Let's get one thing straight.
I'm not a runner.
I'd like to be a runner, but it was never really my thing. I'd dabble in it at the gym, and try to make a habit of it, but to the dismay of some of my runner friends, I've never really found a lot of joy in it. Now gaming, I can marathon Skyrim in a heartbeat. But that doesn't do much for my waistline.
What I am, however is a fan of zombie fiction. And now the two have come together in a way that has gotten me excited about running. Crazy, right? Let me explain.
I don't know where I first heard of Zombies, Run, but being an impulsive App Store shopper, I picked it up. Zombies, Run tracks your run progress via GPS or an accelerometer, not unlike many other running apps like, Nike+ Run. What makes Zombies, Run different is that an audio drama unfolds while you run. You play an individual from a military base who during a helicoptor ride was shot down between two major cities. Your walkie talkie still works, and you're contacted by a guy named Sam Yao, who guides you to the township of Able. During the run, you're asked to pick up supplies, key items, and complete missions as Runner 5.
It wouldn't be a zombie game without zombies though, and while you run, you'll be alerted to approaching hoards, prompting you to give it a burst of speed to your run, and avoid being eaten. What's great is not only are you alerted by a voice giving you the distance between you and the hoard, but you'll hear their growls getting closer.
I have never been as motivated as I am now to run.
I only started running on Friday, and here it is Sunday, and I've found myself wanting to run more and more. Not only does the app track my progress, but I find that I want to see how the story of this township plays out. There are relationships between people in the base, and people who are now zombies, (SPOILER: I was chased by the old Runner 5 at the end if Mission 1, a girl named Alice, who Sam had a relationship with). At the end of each mission, you use supplies you've picked up to build a better base, unlocking more missions, so it kind of has a role-playing game feel to it. Some of the acting could be a little bit better, but I think I've been spoiled by listening to We're Alive (the zombie audio drama podcast) to have an unbiased opinion.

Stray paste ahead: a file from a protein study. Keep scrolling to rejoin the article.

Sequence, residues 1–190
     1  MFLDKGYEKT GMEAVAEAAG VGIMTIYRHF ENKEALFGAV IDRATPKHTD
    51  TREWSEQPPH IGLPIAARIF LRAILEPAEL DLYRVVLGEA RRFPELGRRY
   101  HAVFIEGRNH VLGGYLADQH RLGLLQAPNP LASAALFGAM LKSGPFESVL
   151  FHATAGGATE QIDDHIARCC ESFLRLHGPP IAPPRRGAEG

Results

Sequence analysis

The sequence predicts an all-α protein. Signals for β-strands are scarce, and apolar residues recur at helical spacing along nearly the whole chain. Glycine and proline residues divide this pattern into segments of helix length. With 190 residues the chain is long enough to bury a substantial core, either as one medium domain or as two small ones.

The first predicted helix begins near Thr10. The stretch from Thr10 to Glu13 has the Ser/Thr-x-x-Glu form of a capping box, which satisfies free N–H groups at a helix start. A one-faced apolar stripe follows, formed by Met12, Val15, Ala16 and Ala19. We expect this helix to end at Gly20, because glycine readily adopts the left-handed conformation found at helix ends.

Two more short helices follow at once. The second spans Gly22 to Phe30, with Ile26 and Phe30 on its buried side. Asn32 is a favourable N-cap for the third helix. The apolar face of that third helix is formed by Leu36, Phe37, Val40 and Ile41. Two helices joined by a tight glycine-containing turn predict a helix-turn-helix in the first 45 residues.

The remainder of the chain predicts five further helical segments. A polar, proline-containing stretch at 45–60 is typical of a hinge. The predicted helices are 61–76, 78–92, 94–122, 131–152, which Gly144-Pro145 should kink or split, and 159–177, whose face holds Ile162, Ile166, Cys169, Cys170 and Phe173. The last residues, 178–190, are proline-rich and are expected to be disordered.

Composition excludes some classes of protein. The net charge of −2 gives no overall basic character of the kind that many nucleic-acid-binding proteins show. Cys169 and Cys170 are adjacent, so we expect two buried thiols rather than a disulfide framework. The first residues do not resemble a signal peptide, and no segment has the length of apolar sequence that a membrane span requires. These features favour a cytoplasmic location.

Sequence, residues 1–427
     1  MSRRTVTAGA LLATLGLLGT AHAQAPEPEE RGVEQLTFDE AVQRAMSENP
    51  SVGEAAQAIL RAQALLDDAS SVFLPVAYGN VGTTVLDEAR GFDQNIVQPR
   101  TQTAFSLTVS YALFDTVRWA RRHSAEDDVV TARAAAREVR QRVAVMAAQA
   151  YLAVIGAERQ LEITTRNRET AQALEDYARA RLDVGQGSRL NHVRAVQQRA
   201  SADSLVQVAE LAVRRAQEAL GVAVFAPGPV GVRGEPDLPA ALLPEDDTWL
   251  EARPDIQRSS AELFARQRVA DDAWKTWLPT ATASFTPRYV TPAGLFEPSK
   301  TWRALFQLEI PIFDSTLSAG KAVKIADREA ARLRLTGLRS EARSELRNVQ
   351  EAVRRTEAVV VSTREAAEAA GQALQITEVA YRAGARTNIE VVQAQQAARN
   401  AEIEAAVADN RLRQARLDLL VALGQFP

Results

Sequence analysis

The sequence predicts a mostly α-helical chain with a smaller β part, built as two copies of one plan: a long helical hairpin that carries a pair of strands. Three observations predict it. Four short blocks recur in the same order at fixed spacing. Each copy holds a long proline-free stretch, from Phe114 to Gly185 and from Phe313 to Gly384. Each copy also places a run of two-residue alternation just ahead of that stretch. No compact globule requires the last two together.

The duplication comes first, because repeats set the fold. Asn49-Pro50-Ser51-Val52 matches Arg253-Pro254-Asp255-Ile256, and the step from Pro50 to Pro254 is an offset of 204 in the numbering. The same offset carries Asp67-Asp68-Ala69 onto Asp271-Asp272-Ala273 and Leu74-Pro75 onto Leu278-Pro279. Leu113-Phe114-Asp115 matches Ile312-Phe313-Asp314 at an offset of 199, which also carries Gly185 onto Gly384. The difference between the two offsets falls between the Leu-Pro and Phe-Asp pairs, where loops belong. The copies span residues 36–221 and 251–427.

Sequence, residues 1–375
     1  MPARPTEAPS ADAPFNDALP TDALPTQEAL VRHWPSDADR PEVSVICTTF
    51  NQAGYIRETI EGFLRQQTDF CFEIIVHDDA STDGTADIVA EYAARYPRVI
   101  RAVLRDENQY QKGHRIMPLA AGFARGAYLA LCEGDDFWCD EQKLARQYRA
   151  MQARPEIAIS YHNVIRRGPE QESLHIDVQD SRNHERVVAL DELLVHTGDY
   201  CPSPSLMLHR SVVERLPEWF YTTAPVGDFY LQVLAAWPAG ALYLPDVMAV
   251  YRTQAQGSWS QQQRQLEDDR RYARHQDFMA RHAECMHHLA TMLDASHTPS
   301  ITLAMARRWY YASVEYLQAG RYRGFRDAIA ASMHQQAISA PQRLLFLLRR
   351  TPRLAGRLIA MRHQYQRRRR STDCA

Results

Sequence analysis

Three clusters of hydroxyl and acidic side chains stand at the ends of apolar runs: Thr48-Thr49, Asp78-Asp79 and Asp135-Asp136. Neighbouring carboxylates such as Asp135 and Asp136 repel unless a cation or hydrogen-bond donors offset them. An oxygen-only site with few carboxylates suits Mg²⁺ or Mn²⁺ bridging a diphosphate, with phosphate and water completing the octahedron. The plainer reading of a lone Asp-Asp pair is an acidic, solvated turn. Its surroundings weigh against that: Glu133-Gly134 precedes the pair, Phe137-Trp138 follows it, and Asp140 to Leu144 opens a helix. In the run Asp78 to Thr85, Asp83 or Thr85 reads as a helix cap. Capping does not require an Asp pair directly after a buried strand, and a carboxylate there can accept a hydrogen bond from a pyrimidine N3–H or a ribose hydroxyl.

A great feature of the game is that you can set your own playlists for running. I added a lot of high-intensity tracks to keep me pumped while running; my zombie survival soundtrack consisted of a bit of dubstep, hard rock, techno and extra Radiohead. When you're not doing missions, you can enter Radio Mode, in which two of the techs host a radio show, again, playing your tracks, but instead of mission dialog between them, you get quips between the pair, and updates about the surrounding area. It sounds like a lot of what goes on in the radio show help to flesh out the world of Zombies Run, even throwing in some ARG elements.
An added benefit of Zombies, Run is that it got me outside on a beautiful day. After I finished a mission, I decided to continue running to a nearby deli to get eggs and ham, and took the opportunity to take some cool HDR photos.
As I said before, I'm not a runner. I often joke that I run best when something is chasing me. Zombie, Run has done a great job of using the idea of a zombie apocalypse to get me exercising regularly. And who knows, if there ever is a real zombie apocalypse, I'll be really glad that I got the practice.
Zombies, Run is coming out for Android soon, folks so make sure to pick it up.
If you have an iPod Touch or iPhone, it's available now for the somewhat steep price of $7.99.
Here are some shots I took during my run today: